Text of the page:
5 Tips to Save Money On Kids Fall/Winter Clothing

I don’t know about you, but I just can’t stomach paying $30 for a pair of jeans or a t-shirt my child will wear for maybe three months before they outgrow it. 

And even the items my rough-and-tumble boys don’t outgrow may end up with holes or stains, and even though they might still wear these clothes from time to time (especially for playing in the backyard)— I hate the thought of throwing down a good chunk of change for something that they will basically destroy in less than five wears. 

It’s also actually pretty amazing how fast kids grow (hello, three shoe sizes in four months!), but it’s not so amazing for our family’s budget. I look for ways to cut corners wherever I can without skimping too much on quality. Here are my top five tips for saving money on kids’ clothes. 

  • Go to the thrift store. OK, yes, this is a thrift store blog, but I’m almost always impressed at the variety and quality of clothing at America’s Thrift Stores. At a recent trip to the Huffman store, I picked up a North Face fleece jacket for my older son for $2.99 (TWO NINETY-NINE! Do you have any idea how outrageously great that is?!) and a Columbia half-zip fleece for my younger son for $3.99. I also got them jeans, button-down shirts and T-shirts from name brands like Children’s Place, Old Navy, Gymboree and Wrangler. All total, for two jackets, a fleece, four pairs of jeans and four shirts, I spent about $30 — which is less than the retail price of the North Face jacket alone. 

 

  • Shop off-season. This one’s a little trickier, because you have to be pretty good at predicting what size your child will be in the following year. Many retail stores discount their clothes heavily at the end of the season; this is actually one of my favorite ways to buy more expensive brands. Pro Tip: The thrift store even discounts items on a rotating basis, so be sure to look for which color tags get an extra percentage discount.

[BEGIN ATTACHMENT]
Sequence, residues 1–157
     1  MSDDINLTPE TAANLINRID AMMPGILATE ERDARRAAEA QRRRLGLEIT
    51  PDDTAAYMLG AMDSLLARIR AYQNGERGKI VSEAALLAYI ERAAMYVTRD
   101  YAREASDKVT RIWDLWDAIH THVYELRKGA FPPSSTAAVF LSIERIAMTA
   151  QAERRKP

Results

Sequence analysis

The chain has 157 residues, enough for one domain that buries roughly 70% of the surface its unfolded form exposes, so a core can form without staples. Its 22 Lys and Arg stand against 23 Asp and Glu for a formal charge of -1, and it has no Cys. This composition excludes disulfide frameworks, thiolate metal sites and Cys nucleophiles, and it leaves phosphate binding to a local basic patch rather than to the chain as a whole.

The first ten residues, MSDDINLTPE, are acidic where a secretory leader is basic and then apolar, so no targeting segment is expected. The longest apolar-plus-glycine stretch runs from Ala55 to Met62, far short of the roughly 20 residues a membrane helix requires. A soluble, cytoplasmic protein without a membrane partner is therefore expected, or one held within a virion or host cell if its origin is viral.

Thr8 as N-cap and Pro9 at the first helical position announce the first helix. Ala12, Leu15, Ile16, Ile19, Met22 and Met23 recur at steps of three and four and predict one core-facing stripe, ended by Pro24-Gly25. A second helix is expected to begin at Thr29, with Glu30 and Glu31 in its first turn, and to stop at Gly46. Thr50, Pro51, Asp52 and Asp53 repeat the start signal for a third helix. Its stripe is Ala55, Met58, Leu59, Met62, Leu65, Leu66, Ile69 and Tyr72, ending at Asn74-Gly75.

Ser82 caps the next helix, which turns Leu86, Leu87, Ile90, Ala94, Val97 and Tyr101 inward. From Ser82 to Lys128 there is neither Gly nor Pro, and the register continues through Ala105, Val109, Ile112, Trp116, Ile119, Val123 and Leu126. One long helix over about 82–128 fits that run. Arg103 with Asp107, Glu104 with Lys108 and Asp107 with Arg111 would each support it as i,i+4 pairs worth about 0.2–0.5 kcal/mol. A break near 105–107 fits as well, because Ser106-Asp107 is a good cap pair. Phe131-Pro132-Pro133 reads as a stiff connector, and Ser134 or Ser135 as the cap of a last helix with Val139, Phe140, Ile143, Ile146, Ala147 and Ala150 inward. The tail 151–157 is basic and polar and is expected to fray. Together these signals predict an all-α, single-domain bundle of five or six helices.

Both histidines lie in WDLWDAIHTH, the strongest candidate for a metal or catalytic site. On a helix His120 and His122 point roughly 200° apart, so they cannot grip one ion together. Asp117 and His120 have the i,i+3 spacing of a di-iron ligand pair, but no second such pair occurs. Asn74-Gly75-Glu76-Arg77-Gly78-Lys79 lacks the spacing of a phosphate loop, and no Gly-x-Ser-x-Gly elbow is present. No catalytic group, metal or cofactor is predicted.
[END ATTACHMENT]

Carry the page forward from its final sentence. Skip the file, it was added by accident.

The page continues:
• Learn the sale cycle. Retailers often put items on sales in a specific cycle, so if you pay attention, you will rarely have to shell out the full retail price for most items. This is also where it pays to plan ahead. If your child waits until the last minute to tell you they need a very specific item for their school dress-up day (we just finished Red Ribbon Week and Halloween, so there have been a lot of themed days lately for us), you are at the mercy of the store and whatever price that item happens to be. On the other hand, if you’re able to wait a week or two for it to go on sale, you’ll definitely get a better bargain. Also, don’t assume the most heavily advertised sales mean the best prices. Sometimes you can find items cheaper on a random Tuesday than you can on a holiday weekend or back-to-school time. 

 

  • Shop online. Even if you are going to pick up items locally, use the Internet to comparison shop, especially for bigger-ticket items (like shoes or jackets). It takes a lot of time to drive from store to store, but you can find the information you need in a few minutes with the power of Google. Pro Tip: Avoid paying for shipping when possible. Many retailers give you the option to ship to the store for free, and some even offer free shipping with no minimum purchase. 

 

 

  • Embrace the power of hand-me-downs. With two boys, I take advantage of hand-me-downs as often as I can, and it saves us a lot of money. This also is my best argument for seeking out high-quality items whenever possible, because they are more durable and actually last through two kids. 

 

Altogether, like so many things, it’s all about balance — knowing what you’re comfortable spending and what you need and figuring out how to get the best items for that price.

Written by Misty Mathews



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